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Service stops receive readiness prob requests from Kubernetes #15881

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illidan80 opened this issue Jul 28, 2019 · 20 comments

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@illidan80
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commented Jul 28, 2019

Bug description

I have about 20 pods running on Kubernetes cluster. After about 3 days, they begin to refuse Readiness prob HTTP requests.

This is an example of "kubectl describe pod" output:

Warning Unhealthy 4m41s (x104971 over 4d21h) kubelet, digi (combined from similar events): Readiness probe failed: Get http://10.1.1.139:8080/v1/readiness: read tcp 10.1.1.1:35178->10.1.1.139:8080: read: connection reset by peer

Output of same pod after few minutes:

Warning Unhealthy 2m32s (x105570 over 4d21h) kubelet, digi (combined from similar events): Readiness probe failed: Get http://10.1.1.139:8080/v1/readiness: read tcp 10.1.1.1:35028->10.1.1.139:8080: read: connection reset by peer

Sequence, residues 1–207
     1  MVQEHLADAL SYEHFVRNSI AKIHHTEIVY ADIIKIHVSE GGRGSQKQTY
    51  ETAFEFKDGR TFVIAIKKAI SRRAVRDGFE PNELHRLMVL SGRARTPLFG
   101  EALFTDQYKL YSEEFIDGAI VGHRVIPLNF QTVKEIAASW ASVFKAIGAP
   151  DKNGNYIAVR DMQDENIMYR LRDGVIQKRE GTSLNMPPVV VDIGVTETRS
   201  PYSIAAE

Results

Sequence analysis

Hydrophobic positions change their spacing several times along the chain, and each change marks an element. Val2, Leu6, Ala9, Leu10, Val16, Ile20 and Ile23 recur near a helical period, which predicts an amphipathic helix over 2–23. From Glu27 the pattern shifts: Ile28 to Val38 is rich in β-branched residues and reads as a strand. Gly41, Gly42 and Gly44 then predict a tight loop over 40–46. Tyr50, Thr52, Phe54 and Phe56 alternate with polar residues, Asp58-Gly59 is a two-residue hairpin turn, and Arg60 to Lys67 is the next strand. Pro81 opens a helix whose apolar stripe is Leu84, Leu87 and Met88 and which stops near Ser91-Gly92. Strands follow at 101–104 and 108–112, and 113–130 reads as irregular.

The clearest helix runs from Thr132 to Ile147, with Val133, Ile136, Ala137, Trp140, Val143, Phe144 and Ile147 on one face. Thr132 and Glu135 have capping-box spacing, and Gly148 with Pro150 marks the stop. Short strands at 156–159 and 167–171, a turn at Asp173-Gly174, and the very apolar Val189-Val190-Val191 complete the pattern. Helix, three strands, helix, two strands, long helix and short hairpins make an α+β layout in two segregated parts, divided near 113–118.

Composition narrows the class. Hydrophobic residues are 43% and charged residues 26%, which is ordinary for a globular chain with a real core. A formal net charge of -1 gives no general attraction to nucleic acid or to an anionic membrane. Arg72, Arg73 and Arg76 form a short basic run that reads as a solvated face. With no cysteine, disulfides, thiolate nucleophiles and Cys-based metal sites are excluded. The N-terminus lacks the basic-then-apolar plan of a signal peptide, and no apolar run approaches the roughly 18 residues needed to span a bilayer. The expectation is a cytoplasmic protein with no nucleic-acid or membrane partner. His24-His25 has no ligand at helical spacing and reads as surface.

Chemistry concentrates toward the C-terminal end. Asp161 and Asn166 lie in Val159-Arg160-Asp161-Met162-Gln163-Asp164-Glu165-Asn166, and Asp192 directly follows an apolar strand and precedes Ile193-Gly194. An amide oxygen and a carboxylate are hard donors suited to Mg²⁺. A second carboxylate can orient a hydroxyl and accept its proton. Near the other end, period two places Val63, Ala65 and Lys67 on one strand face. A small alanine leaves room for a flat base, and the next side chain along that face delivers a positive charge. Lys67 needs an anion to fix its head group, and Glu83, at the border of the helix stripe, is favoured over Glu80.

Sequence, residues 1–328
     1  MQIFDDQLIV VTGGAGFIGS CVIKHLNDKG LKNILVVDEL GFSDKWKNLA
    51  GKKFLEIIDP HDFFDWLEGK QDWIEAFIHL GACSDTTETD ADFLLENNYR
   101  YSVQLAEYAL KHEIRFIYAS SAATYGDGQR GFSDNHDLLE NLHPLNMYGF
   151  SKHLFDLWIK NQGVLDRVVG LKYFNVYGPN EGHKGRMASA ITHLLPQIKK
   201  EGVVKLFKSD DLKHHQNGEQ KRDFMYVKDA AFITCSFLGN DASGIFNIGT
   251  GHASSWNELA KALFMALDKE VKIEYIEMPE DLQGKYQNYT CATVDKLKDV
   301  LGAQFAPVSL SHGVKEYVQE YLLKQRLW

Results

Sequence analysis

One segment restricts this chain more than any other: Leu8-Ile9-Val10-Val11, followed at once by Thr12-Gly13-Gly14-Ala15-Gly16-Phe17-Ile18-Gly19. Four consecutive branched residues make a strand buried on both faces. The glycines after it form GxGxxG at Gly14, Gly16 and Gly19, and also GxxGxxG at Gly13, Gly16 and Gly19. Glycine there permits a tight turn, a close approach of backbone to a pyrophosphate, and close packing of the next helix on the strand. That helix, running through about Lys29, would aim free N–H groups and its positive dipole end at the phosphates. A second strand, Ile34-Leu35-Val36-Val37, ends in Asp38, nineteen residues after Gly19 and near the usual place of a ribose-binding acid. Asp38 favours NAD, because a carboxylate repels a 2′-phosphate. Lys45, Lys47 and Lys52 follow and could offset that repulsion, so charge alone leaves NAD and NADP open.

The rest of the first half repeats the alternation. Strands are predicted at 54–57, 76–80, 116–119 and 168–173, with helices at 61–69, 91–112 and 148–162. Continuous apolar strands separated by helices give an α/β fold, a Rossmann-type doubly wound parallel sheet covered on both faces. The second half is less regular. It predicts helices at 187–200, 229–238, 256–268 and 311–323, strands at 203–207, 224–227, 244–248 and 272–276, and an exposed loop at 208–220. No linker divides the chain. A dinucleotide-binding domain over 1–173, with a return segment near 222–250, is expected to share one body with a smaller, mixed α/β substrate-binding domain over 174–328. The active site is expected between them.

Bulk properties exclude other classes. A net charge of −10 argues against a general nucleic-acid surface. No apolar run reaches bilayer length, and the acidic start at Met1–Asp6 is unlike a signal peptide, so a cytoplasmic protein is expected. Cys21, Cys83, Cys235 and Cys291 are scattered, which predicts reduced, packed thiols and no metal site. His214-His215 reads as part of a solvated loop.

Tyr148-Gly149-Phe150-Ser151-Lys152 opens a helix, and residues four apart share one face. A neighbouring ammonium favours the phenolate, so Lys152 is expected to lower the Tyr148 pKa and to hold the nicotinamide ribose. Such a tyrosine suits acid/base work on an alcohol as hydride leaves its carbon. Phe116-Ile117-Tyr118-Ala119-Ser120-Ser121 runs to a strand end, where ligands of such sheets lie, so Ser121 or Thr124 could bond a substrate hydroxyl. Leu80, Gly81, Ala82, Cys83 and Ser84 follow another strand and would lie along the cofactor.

Seems like process itself inside container is not aware about any issues. Logs look just normally. If I opening ssh into container (e.g. "kubectl exec -it") - I do able to perform http call to the readiness URL (curl on localhost) - so the issue is only when making requests from the outside, which makes me thinks it somehow related to networking --> Istio.

Trying to make readiness request from another pod fails as well with the following output:

curl 10.1.1.139:8080/v1/readiness -v Trying 10.1.1.139... TCP_NODELAY set Connected to 10.1.1.139 (10.1.1.139) port 8080 (#0) GET /v1/readiness HTTP/1.1 Host: 10.1.1.139:8080 User-Agent: curl/7.58.0 Accept: */* HTTP/1.1 503 Service Unavailable content-length: 95 content-type: text/plain date: Sun, 28 Jul 2019 10:48:37 GMT server: envoy Connection #0 to host 10.1.1.139 left intact upstream connect error or disconnect/reset before headers. reset reason: connection termination

There is no restarts nor on my pods nor on Istio pods.

Deleting pod (which causing Kubernetes to recreate it) will solve the issue, for about next 3 days. After that, the issue starts over again.

Mutual TLS is not enabled.

Affected product area (please put an X in all that apply)

[ ] Configuration Infrastructure
[ ] Docs
[ ] Installation